If you need to quickly change your screen, the panic button on the right of your screen will take you to Google. Please keep in mind that this website will still appear in your browser history, if someone wants to see what sites this device has visited recently. There are several different ways to delete a browser history, depending on the browser and device you are using. You can find out more information on how to do this here.
Bill of Rights for Women who have Experienced Violence
I have the right not to be abused.
I have the right to be angry about abuse I have experienced.
I have the right to change the situation.
I have the right to freedom from fear of abuse.
I have the right to want a better role model for my children.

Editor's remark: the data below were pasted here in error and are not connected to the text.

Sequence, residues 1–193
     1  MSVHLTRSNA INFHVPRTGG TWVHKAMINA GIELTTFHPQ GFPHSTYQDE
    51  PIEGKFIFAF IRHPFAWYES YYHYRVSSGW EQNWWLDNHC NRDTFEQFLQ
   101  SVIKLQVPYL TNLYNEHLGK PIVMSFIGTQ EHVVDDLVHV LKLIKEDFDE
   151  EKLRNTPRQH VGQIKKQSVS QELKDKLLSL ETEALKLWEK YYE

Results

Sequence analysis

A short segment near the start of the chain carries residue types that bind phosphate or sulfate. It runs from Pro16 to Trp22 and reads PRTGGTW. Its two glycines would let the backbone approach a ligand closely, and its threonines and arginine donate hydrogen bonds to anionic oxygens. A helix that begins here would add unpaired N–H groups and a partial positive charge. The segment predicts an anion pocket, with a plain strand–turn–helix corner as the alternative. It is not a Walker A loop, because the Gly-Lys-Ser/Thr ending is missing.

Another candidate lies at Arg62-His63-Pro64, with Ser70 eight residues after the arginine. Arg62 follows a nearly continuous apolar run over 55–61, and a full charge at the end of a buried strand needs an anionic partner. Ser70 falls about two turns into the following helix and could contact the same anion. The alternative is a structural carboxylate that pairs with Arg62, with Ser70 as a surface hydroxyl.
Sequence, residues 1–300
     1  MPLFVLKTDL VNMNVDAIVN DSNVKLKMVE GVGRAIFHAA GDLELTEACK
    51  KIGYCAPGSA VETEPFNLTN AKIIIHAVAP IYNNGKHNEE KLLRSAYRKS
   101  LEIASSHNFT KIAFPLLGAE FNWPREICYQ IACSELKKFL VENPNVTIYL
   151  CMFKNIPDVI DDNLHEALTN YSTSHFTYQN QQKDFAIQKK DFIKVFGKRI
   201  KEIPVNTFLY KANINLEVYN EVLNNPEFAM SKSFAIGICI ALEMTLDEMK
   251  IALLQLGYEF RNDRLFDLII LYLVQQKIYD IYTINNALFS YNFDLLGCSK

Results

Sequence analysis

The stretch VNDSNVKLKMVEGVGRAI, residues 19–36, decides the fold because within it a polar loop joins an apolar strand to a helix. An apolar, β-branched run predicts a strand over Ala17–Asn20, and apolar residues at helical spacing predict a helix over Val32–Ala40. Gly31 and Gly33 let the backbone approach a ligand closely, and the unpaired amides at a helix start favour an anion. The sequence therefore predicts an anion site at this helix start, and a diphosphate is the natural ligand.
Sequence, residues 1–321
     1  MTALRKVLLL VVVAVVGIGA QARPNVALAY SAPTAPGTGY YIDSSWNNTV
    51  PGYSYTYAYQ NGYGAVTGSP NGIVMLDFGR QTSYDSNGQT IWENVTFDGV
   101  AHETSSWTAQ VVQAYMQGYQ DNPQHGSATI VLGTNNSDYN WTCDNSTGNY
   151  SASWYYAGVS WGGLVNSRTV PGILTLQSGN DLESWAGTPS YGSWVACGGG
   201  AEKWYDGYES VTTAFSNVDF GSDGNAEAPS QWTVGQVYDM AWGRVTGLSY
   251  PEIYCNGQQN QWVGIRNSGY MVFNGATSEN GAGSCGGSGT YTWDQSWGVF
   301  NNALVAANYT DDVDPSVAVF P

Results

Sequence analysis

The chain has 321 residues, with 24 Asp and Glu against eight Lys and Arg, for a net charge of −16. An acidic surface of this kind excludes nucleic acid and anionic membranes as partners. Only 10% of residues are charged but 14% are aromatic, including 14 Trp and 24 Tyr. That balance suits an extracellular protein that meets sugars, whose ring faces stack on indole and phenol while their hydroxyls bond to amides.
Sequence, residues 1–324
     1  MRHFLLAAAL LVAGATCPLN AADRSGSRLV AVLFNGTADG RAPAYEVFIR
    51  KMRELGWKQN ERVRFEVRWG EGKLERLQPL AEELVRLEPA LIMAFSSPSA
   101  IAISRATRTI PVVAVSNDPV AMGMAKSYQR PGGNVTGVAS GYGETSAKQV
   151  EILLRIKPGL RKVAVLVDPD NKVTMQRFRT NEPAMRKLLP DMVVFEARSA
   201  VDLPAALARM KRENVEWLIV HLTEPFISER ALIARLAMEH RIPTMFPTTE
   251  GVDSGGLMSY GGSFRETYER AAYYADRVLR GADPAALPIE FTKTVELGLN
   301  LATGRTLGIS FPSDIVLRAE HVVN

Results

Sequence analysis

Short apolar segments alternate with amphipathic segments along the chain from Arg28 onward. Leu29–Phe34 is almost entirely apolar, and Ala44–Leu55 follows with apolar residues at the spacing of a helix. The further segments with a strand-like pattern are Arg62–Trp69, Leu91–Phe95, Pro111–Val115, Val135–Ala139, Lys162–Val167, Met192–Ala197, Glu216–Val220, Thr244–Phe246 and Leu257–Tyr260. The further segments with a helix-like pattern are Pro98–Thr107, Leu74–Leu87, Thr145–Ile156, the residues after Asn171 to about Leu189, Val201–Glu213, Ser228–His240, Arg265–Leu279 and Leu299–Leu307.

I have the right to be treated like an adult.
I have the right to leave an abusive environment.
I have the right to privacy.
I have the right to express my own thoughts and feelings.
I have the right to develop my talents and abilities.
I have the right to legally prosecute my abusive partner.
I have the right not to be perfect.
Effects of Witnessing Domestic Violence on Children
Children who witness domestic violence learn:
- How to keep a family secret
- How to get what they want through aggression and manipulation
- People who love them hurt them
- Violence, although painful, is an acceptable part of life
Characteristics of children who witness violence at home:
- Have a strong sense of isolation and helplessness
- Solve their problems through force
- Have high levels of anxiety
- Have declining sympathy for their mother as they age, and often overt hostility replaces any sympathy they once had
- Often develop PTSD and re-experience trauma through nightmares, flashbacks, etc.
- Decreased self-esteem and few personal expectations for success
- Blame themselves for family disruptions